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What Actions Will You Take In Response To ESSA?

by Nichole Dobo

The Hechinger Report

Article excerpt

States can change the way they think about education, but will they?

A new federal law hands more control to state leaders, untethering them from rules that threatened dire consequences for failing to achieve certain test scores. But in return for this freedom, states must come up with their own ways of ensuring that their schools give all students a high-quality, equitable education.

Our take

Being Proactive Around ESSA Flexibility

Be careful what you wish for? While ESSA offers schools more flexibility and autonomy than its predecessor, the No Child Left Behind Act, school systems must now ensure that they are being proactive in ensuring high quality and equitable education for all students in their districts. What steps are your school system board members and administrative leaders taking to move in this direction? What role are teachers, students, parents and the community playing in the process?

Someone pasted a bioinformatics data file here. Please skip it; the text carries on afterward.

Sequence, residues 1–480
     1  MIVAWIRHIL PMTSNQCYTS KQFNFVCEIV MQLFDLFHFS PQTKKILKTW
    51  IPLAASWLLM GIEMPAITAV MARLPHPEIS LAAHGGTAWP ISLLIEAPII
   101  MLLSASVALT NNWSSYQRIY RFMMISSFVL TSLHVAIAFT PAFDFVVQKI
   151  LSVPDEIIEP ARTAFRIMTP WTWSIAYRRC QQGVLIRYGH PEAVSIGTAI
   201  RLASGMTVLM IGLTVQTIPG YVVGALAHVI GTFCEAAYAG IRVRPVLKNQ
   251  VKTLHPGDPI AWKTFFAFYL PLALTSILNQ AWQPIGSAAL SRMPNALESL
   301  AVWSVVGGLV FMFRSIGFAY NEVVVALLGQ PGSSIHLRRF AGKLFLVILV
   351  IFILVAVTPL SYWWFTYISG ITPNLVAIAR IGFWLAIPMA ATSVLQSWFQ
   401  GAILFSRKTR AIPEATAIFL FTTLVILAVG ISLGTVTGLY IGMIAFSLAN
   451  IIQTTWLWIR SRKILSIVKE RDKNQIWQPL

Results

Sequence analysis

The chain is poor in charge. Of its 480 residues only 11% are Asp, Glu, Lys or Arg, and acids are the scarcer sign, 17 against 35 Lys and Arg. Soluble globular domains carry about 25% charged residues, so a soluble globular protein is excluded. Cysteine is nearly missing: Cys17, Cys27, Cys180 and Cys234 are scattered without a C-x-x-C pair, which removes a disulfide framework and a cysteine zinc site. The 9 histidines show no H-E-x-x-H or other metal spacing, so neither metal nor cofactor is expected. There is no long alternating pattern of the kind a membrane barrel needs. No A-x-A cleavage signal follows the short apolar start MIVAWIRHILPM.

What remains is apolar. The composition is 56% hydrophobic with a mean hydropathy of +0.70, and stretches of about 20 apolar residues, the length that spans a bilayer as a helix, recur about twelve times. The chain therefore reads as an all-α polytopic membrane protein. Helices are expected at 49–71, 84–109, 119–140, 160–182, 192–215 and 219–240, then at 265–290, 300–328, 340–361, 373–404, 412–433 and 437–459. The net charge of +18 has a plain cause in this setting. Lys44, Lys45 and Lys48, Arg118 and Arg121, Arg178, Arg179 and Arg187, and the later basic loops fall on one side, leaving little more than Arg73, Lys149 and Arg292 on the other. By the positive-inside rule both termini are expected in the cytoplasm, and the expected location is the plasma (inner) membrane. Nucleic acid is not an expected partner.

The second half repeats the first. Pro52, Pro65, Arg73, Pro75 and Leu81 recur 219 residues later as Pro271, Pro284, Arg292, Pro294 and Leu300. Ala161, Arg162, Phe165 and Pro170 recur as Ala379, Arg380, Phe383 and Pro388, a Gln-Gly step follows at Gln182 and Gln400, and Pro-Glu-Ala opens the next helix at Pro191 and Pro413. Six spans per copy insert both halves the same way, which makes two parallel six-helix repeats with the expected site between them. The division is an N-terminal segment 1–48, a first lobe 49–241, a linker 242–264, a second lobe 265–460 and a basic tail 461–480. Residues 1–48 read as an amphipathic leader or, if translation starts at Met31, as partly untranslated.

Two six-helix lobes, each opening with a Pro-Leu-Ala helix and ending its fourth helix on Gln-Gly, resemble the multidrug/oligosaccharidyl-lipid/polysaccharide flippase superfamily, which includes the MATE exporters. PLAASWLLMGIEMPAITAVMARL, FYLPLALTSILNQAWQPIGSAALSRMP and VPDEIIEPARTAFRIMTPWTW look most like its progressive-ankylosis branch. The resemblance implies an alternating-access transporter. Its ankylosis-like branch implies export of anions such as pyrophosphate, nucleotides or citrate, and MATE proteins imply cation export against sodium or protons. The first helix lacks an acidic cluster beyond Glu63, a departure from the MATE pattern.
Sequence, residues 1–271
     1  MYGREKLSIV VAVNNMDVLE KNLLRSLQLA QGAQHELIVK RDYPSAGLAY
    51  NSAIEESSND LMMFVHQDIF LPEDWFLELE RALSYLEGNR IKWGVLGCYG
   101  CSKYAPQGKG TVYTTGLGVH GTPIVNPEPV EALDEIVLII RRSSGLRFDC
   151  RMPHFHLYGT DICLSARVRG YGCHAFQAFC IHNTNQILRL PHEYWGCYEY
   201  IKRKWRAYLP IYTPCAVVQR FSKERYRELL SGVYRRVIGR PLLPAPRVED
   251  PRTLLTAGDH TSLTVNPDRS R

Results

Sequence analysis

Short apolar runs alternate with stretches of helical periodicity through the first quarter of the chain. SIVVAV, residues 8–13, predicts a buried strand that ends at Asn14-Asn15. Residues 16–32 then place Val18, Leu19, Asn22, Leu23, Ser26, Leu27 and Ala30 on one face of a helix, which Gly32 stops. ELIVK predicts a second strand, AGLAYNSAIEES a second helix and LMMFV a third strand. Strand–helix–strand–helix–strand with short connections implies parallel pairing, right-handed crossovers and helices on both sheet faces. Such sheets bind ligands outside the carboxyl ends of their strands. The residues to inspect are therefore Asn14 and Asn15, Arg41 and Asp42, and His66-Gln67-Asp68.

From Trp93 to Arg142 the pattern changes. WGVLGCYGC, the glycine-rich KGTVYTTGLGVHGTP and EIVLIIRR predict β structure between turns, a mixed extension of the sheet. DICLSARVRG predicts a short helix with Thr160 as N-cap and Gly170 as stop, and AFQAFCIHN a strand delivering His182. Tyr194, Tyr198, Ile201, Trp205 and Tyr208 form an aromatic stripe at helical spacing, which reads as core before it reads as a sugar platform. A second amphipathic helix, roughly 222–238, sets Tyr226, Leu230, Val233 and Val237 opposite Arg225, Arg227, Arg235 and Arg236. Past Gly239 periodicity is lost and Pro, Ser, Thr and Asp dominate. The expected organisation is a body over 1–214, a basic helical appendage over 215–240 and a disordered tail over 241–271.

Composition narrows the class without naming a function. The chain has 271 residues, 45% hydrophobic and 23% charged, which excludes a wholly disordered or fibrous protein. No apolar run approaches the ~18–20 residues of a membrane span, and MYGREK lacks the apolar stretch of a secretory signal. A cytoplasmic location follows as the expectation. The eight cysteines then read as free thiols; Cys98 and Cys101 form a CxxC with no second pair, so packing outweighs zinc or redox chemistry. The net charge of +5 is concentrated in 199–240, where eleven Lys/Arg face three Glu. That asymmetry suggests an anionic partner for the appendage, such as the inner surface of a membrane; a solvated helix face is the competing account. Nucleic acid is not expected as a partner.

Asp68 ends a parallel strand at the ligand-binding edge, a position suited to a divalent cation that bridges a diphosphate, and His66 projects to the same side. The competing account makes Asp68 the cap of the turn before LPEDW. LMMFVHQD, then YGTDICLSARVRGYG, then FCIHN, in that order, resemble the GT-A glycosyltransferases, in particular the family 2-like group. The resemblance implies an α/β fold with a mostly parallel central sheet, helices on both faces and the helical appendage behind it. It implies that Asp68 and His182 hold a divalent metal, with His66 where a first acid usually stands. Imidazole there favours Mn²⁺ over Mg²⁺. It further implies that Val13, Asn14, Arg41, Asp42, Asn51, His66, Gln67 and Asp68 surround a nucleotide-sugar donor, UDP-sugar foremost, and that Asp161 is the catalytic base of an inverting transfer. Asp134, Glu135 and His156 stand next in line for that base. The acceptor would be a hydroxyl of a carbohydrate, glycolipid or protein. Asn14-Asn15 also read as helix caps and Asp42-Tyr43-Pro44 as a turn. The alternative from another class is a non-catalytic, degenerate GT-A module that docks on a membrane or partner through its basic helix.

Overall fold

Now is the time to begin conversations, if they haven’t already started, around what’s important to your teachers, students, parents and the community in terms of high quality educational outcomes. The flexibility afforded by ESSA can help school systems ensure that they are preparing to meet the unique needs of students in their school systems, but that preparation shouldn’t be left to chance.

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